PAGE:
The Royal Commission’s Report of Case Study No. 9 – the responses of the Catholic Archdiocese of Adelaide and the South Australian Police to allegations of child sexual abuse at St Ann’s Special School, was released today.
The report found that a lack of requirements surrounding police checks on employees enabled a man previously convicted for sexual offences to work as a bus driver at a special school in Adelaide. This man later went on to sexually abuse children with intellectual disabilities.
St Ann's Special School was established in 1975 and catered for 50 to 60 students with intellectual disabilities aged between five and 20 years.
In 1986 Brian Perkins was employed by the school as a bus driver. He took children with intellectual and communication disabilities to and from school each day unsupervised. He also undertook volunteer work and provided respite care for students during his employment.
A public hearing into the matter which was held in Adelaide in March 2014, examined the circumstances surrounding Mr Perkins employment and the monitoring, supervision and oversight of his activities at the school.
In 1986, St Ann’s was not required to conduct a police clearance check as part of its employment process. Neither the school nor the Catholic Education Office had established mechanisms in place for the conduct of these checks. The principal, Mr Claude Hamam, did not obtain a police clearance check before employing Mr Perkins. Such a police check would likely have disclosed that Mr Perkins had three prior convictions for sexual offences.
Commissioners found that the school did not comply with its own policy requiring that volunteers be supervised by a registered teacher, which created further opportunities for Mr Perkins to sexually abuse children in his care.
They also found that the Catholic Education Office did not have a policy on respite care by employees or volunteers.
After complaints were made about Mr Perkins in 1991, police investigated and pornographic photographs of students who attended the school were found at his home. However it was not until 2003 that Mr Perkins was convicted of five sexual offences against three students at St Ann’s and sentenced to 10 years’ imprisonment. The hearing also looked at the response of the principal, the board of St Ann’s and the Catholic Archdiocese of Adelaide, including the Catholic Education Office, to allegations of child sexual abuse.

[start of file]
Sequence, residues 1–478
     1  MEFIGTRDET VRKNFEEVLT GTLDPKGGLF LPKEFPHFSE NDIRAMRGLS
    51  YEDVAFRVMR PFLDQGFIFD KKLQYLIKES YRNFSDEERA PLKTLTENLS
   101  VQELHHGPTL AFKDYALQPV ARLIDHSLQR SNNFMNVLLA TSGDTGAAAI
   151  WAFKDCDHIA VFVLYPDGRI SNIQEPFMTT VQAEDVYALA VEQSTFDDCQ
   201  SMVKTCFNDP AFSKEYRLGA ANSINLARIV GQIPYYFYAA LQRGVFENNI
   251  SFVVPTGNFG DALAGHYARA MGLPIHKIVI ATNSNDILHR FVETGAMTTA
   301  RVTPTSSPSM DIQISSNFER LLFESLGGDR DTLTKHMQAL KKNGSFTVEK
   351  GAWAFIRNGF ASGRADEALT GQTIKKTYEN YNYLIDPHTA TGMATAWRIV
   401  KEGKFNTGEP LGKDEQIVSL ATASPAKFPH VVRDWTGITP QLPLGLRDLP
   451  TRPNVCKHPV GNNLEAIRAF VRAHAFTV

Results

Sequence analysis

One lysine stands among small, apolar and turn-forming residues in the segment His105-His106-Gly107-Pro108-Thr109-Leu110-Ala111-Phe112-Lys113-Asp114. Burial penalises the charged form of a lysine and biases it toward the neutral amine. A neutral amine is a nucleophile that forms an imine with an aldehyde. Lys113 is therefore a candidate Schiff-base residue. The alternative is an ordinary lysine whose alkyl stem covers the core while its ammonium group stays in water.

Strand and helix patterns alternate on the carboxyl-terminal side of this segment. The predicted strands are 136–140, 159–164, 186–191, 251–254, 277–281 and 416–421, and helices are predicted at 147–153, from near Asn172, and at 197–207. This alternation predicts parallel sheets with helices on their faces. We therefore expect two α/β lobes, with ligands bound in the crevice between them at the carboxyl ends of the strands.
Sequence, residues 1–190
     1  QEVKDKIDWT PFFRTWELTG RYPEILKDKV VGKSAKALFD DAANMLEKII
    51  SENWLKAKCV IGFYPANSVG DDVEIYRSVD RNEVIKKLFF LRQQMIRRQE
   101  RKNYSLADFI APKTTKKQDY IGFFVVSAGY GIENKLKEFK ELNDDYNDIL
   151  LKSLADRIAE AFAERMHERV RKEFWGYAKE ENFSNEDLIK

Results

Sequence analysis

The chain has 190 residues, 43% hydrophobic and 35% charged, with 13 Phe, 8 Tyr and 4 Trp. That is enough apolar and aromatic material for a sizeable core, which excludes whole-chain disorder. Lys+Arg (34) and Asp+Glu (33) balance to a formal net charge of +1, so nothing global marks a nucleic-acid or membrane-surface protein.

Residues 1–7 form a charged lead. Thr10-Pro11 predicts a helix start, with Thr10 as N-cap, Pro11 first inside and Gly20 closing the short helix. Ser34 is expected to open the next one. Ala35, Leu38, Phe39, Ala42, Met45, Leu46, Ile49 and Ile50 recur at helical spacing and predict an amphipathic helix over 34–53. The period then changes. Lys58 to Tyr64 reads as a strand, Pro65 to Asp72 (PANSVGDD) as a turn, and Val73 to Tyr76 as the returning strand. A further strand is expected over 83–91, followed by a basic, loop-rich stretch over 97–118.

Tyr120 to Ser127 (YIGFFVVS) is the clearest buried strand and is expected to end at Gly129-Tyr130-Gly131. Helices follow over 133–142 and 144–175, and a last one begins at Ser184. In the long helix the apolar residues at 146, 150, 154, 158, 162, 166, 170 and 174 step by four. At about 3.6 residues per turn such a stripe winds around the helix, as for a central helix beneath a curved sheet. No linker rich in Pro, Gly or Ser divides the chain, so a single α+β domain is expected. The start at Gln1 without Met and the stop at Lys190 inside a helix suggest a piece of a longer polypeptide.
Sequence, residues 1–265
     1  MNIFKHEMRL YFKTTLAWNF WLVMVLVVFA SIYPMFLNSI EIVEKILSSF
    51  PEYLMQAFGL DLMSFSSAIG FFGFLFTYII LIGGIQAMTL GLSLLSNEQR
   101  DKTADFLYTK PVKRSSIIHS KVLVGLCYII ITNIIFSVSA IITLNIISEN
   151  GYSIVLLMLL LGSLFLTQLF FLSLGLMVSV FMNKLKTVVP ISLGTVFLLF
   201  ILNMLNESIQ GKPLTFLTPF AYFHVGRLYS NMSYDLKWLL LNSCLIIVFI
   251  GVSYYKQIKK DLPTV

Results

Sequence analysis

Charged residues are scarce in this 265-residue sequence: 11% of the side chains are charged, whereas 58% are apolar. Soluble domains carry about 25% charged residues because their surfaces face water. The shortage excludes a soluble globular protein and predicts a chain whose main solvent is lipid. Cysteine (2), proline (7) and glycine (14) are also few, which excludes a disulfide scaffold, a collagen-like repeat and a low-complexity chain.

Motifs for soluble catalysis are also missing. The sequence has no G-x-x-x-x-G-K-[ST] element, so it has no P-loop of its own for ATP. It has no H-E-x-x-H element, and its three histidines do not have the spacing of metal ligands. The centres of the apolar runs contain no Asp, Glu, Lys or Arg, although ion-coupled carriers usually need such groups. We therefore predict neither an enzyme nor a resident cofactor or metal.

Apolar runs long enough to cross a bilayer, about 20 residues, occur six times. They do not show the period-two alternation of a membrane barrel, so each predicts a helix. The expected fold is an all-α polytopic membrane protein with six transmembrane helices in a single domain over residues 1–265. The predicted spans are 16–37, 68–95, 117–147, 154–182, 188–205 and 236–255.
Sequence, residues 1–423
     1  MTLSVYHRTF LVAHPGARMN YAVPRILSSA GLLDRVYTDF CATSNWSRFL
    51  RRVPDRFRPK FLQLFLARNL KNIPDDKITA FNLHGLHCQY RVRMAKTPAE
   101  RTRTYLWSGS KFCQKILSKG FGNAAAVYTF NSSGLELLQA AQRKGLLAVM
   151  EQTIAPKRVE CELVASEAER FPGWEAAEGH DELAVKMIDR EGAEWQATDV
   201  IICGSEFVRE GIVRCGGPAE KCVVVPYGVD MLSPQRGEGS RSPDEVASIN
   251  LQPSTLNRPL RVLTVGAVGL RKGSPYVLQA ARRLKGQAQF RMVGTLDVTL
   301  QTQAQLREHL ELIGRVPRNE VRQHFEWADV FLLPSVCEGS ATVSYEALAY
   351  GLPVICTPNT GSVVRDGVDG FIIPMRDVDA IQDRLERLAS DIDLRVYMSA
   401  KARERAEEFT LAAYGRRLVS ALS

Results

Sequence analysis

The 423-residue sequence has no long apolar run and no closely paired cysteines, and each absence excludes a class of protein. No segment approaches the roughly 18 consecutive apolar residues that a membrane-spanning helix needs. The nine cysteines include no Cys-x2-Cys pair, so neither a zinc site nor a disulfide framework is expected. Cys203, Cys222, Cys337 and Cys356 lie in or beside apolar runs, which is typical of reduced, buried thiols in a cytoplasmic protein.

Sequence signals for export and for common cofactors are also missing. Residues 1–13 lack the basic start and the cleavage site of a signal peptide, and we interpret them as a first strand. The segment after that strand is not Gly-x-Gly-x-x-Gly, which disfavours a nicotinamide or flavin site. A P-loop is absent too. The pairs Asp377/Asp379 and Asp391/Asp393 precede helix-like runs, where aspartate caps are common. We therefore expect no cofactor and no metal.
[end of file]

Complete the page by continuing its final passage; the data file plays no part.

Commissioners found that the school principal did not inform the board of management, the board of governors or the director of the Catholic Education Office of the sexual allegations regarding Mr Perkins, despite requirements to do so. Commissioners found that Church parties failed to take appropriate action in ensuring the matters were fully reported and investigated and that families concerned were informed and children protected.
However, since 2001, the Catholic Education Office has created a new position of principal consultant who works directly with school principals and provides an initial point of contact for reporting abuse allegations to the Catholic Education Office.
The hearing also examined the nature of the investigation by the South Australia Police (SAPOL) and found a series of failings by SAPOL, combined with poor practices and systems, contributed to years of delay in bringing Mr Perkins to trial.
These included police officers failing to issue a warrant for the arrest of Mr Perkins in 1991 despite having information about his prior convictions, the nature of sexual allegations against him and the risk he posed of further sexual offences against children.
In 1998, it was discovered Mr Perkins was living in Queensland, but police declined to apply to extradite Mr Perkins on the basis of inaccurate information, including the seriousness of the charges.
Commissioners also found police did not inform the broader school community of the sexual allegations against Mr Perkins despite being aware that other former students with intellectual disabilities and limited verbal capacity may have made contact with Mr Perkins.
The hearing also examined the Church's response to allegations of abuse. Commissioners found that the Church did not follow processes set out in Towards Healing, the Catholic Church's principles and procedures in responding to complaints of abuse against Catholic Church personnel.
They also found the payment of 'gifts' to former students of St Ann’s did not provide an adequate response to some families.